Nature abounds in this book, and as a backdrop, Wharton uses its lighting, temperature, seasons and harsh beauty to mirror the events in the lives of a few humans in an 1800s Massachusetts town. This is the portrait of a man in constant emotional pain. Ethan is baffled by his life’s path, doesn’t know how to improve his life, and plods through his daily chores waiting for something, eventually torn by desire and duty. Ethan seems resigned to eke out a living on a failing farm, with his hypochondriac wife Zeena. For the past year, hope blossoms like spring in the form of Zeena’s younger cousin Mattie, sent to aid the ever-ill Zeena. Her sparkling demeanor and warmth contrast starkly to Zeena’s self-absorbed and cold manner. Ethan finds himself slowly captivated by Mattie, in ways he does not quite fathom, adeptly documented by Wharton, and then falls totally and irrationally in love. With Zeena’s constant interference, and manipulative presence, it’s a doomed love. Eventually, pressure builds: Zeena’s imagined health concerns worsen as she suspects the growing bond between her cousin and husband. Mattie is forced to leave, and Ethan feels life, love and meaning slipping away. The story is simple yet extremely sophisticated psychologically, the characters powerful. This quick read is a complex and deft weaving of personalities, hopes, dreams, longing, regret and circumstances that eventually force a decision—though the ending is shocking, almost gothic. And the pervading sense of nature helps to create a foreboding and destiny, all too terrible to conceive. Five stars.

PS: Edith Wharton was the first woman to win the Pulitzer Prize for literature. And the movie, starring Liam Neeson, is excellent.

Pulse on the Road: A day at the beach!

Myrtle Beach, that is, location of the final Pulse on the Road for 2011. I traveled to South Carolina to Hemophilia of South Carolina’s annual meeting and to present POTR, an interactive health insurance symposium sponsored by Baxter Healthcare Corporation.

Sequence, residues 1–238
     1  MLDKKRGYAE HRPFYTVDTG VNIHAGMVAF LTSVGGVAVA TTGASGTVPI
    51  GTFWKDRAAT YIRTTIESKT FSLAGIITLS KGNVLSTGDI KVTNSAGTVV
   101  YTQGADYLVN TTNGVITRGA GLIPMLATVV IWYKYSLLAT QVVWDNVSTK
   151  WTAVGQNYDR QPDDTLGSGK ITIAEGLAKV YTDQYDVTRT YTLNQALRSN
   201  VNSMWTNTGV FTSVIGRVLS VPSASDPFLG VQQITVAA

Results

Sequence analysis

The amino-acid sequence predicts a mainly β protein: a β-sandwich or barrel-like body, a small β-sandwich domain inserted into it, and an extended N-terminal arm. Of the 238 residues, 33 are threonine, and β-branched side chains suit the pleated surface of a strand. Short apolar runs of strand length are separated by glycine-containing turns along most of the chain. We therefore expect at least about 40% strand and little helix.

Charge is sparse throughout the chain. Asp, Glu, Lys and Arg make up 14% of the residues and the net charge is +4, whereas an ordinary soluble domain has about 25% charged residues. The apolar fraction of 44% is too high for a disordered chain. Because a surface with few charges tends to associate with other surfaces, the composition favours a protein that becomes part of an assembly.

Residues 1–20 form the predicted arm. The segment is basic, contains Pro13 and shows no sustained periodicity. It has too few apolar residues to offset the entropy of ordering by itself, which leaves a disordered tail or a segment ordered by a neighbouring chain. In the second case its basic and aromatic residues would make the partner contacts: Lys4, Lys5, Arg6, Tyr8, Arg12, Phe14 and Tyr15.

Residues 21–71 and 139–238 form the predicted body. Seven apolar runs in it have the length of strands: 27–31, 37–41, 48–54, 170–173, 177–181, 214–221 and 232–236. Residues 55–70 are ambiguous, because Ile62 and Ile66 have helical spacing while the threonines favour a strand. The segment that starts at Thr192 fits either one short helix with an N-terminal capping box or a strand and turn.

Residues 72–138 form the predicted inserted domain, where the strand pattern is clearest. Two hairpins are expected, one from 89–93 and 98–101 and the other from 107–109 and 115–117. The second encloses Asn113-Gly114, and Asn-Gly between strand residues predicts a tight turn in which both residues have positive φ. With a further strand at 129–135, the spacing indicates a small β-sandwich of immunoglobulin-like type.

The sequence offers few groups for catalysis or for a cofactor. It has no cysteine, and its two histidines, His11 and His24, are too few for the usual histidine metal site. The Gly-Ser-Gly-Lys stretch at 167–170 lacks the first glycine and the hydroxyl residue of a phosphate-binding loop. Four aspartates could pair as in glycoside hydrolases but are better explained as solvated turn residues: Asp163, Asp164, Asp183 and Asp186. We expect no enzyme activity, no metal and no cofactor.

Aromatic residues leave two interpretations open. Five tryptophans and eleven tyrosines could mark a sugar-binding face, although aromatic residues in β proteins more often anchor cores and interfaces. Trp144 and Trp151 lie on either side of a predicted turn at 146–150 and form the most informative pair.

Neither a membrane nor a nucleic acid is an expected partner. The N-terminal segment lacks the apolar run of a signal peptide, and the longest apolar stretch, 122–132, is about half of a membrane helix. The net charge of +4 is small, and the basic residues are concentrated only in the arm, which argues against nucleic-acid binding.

What a wonderful hemophilia organization! No surprise there—almost as soon as you land in South Carolina, you feel a difference. A genuine warmth and friendliness, with southern hospitality, that you just don’t get in many northern states. South Carolinians really know how to make you feel at home.

And what a rapt audience. We presented from 9 am until noon, a long time to discuss health insurance, but the families were attentive, engaged and asked many questions. After a warm introduction from the elegant Ms. Vidalia McTeer, I launched into the history of the hemophilia community as relates to health insurance, especially why the Golden Age of having whatever you want—product choice, access to many providers, and limited interference from payers— is coming to a close. Some points were new to this community, such as the rise of PBMs—an important player, with the current attempt by Express Scripts to buy Accredo.

Next, Marvin Poole, senior manager of Reimbursement and State Advocacy, Baxter Healthcare, gave a review of common and important health insurance terms, such as “grandfathered” and “donut-hole.” These are must-knows now that healthcare reform is upon us.

Ruthlyn Noel, manager of Public Policy, National Hemophilia Foundation (NHF), gave the results of a joint survey by NHF and HFA, to assess what consumers know about health insurance and healthcare reform. The results overall are encouraging!

Then, Kelly Fitzgerald, associate director of Government Relations, Patient Services, Inc. (PSI, gave the keynote speech on healthcare reform—the Affordable Care Act (ACA). The big year is 2014, folks—know what’s happening then!

We spiced up the talk by offering a quiz at the end of each lecture, and offering $20 to whoever gave the right answer! And why not? This is all about teaching the community how to safeguard our precious dollars, our disposable income.

Three breakout sessions allowed families to sit in more intimate setting and learn more about Medicaid, Advocacy and Out of Pocket Costs. Jennifer Meldau, RN and Nurse Coordinator at Palmetto Health, the SC hemophilia treatment center, joined us to help give the audience more specific information about South Carolina Medicaid.